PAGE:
Everyone wants a simple fix for their memory and health. If only you could take a supplement that “fixes brain wiring so you dramatically improve your memory.” If only you could take a supplement that “restores lost neurotransmitters for a steel-trap memory.” Marketing is clever and plays to our fears with a mix of a few findings from tangentially related studies, “miracle memory molecules,” or “guarantees of your money back.” There are no short cuts. It takes time and effort to remain healthy. The latest Mayo Clinic Health Letter (March 2012) puts vitamin supplements in objective perspective without selling anything.

Their review of well conducted research concludes that many vitamins and minerals that we used to think prevented diseases may not help after all. Furthermore, there are small but consistent findings that vitamins and supplements may cause harm – even use of a multivitamin in those who are well nourished may slightly increase the risk of premature death. Before taking vitamins and minerals without consulting with your physician consider these findings.

Vitamin E – taking more than 400 IUs (maybe even as low as 150 IUs) may pose health risks including premature death. A large trial showed that vitamin E and selenium did not reduce the risk of prostate cancer as many had believed.

Vitamin A – may increase the risk of hip fracture in postmenopausal women. High doses of vitamin A are potentially toxic.

Folic acid (vitamin B-9) – supplementation of folic acid may increase the risk of premature death.

Vitamin B-6 – doses of greater than 100 mgs can cause nerve damage.

Vitamin B-3 (niacin) – high doses can lower cholesterol but may also damage the liver.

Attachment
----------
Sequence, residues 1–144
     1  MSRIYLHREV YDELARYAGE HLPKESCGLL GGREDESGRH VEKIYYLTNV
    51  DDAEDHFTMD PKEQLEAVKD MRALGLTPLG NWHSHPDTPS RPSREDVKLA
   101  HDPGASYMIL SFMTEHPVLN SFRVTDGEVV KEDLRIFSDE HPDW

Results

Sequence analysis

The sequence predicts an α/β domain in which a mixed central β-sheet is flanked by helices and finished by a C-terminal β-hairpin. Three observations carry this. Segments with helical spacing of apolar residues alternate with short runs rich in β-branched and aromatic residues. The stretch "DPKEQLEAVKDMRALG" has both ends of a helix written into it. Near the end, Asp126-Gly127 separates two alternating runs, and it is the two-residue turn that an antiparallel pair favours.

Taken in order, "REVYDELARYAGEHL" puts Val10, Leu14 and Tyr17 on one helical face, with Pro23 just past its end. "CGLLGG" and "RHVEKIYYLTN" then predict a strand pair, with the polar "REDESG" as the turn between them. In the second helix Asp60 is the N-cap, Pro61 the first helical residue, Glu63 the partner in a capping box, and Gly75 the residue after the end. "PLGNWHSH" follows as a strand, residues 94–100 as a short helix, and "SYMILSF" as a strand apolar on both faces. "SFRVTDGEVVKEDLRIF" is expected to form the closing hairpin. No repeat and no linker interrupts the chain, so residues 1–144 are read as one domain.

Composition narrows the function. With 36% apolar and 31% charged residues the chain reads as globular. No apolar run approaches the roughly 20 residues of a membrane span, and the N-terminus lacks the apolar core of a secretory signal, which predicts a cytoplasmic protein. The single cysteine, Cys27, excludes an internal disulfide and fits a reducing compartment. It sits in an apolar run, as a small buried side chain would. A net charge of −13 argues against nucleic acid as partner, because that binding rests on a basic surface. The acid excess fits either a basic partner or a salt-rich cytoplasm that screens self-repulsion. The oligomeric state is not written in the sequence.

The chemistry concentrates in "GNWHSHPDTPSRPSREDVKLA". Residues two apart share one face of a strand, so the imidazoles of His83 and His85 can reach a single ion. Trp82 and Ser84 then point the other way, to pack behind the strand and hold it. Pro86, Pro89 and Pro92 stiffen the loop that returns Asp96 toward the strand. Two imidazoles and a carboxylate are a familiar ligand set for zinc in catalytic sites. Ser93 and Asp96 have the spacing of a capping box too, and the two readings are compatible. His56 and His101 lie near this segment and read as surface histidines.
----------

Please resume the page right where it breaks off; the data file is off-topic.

Iron – remember the Geritol commercials? Iron deficiency is rare.

You get the point. Vitamins and supplements need to be given after consultation and evaluation by your physician. He or she can advise based on your needs (tested objectively) and inform you which supplements to take and in what dose. Don’t rely on advertising or marketing claims. For example, up to 15% of older adults may be deficient in vitamin B-12 which creates problems such pernicious anemia and memory loss. Finding out if you need supplementation is simple. Your physician can order a blood test.

In sum, don’t prescribe for yourself. When it comes to vitamins and supplements there are risks. Take supplements only after consultation and evaluation. More is not better. Many vitamins and supplements are needed within a narrow range of concentration and both too little and too much can be harmful. The best current advice for those who want to focus on wellness is to eat a healthy diet such as a Mediterranean diet heavy with fruits, vegetables, and fish. Additionally, exercise consistently and be social. In the long run your body will take care of its needs if you follow this plan.